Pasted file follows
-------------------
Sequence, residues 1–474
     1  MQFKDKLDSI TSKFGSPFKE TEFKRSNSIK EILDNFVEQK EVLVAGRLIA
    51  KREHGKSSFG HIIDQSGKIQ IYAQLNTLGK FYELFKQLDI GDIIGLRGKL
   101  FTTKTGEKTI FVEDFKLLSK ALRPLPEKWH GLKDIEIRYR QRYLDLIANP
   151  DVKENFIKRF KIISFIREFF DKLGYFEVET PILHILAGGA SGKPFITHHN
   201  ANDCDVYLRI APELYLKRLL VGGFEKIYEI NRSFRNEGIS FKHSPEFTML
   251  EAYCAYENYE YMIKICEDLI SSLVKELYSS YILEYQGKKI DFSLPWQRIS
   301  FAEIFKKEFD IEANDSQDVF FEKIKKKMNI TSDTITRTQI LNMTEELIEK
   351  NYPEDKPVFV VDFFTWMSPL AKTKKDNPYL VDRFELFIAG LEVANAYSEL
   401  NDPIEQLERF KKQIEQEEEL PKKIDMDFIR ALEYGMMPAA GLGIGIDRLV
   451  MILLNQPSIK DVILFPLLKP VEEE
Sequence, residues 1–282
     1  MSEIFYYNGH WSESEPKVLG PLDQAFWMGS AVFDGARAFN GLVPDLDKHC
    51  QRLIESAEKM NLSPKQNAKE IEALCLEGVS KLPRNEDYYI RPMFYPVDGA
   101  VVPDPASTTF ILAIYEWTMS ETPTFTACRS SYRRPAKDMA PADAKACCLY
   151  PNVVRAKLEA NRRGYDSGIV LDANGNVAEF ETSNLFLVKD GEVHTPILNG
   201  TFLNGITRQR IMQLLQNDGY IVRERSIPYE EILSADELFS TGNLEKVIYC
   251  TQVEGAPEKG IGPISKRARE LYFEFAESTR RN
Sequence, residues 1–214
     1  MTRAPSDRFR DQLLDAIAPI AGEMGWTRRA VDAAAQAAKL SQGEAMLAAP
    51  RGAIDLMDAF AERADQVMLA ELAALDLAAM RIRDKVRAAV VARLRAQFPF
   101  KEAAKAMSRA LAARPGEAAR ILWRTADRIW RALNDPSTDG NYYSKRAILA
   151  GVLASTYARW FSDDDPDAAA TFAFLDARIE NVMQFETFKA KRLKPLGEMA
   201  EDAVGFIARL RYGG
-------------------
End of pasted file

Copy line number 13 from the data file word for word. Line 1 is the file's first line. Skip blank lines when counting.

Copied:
     1  MSEIFYYNGH WSESEPKVLG PLDQAFWMGS AVFDGARAFN GLVPDLDKHC